If you use npm install --save to install packages, npm updates dependencies in package.json and re-indents the file to use 2 spaces. Depending on your coding standards this might not be to your liking.
To makes matters worse, committing a change to package.json with varying indentation creates hard-to-read git diffs. Adding one dependency causes the diff look like the whole file changed.
Introducing jsonlint - JSON validator and formatter
You can use a JSON pretty-printer to make package.json use your coding standards. One such implementation is jsonlint that acts as both a validator and a formatter.
You can use jsonlint to reformat package.json with 4 spaces using:
The -i or --in-place option instructs jsonlint to rewrite the file with new formatting. By default, jsonlint uses 4 spaces as indentation, but you can change it with the -t or --indent option.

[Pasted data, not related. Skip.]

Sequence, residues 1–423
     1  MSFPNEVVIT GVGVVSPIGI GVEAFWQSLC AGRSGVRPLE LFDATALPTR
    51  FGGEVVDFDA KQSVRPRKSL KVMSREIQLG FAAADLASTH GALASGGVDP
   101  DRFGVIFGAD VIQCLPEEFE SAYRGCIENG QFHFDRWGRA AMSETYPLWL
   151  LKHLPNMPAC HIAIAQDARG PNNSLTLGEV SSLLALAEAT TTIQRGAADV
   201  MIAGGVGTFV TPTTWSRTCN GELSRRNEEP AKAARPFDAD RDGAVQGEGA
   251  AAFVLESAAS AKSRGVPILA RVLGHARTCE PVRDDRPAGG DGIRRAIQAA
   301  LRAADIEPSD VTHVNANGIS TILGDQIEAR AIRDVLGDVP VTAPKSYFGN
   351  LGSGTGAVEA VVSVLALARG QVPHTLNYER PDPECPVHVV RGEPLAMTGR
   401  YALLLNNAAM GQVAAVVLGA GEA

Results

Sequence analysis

Automating jsonlint -i as part of build
To make sure your package.json is automatically reformatted and not relying on the developer to do it, you can add reformatting as part of your build process.
Let's assume you're using package.json"scripts" to define the build commands of your project. First, you'd add the dependency on jsonlint to your project.
Then, you'd chain running jsonlint as part of your build commands using the &&-operator. Note that when installed as a dependency, the jsonlint binary is available in path in package.json scripts.
Semantic Versioning Cheatsheet
Learn the difference between caret (^) and tilde (~) in package.json.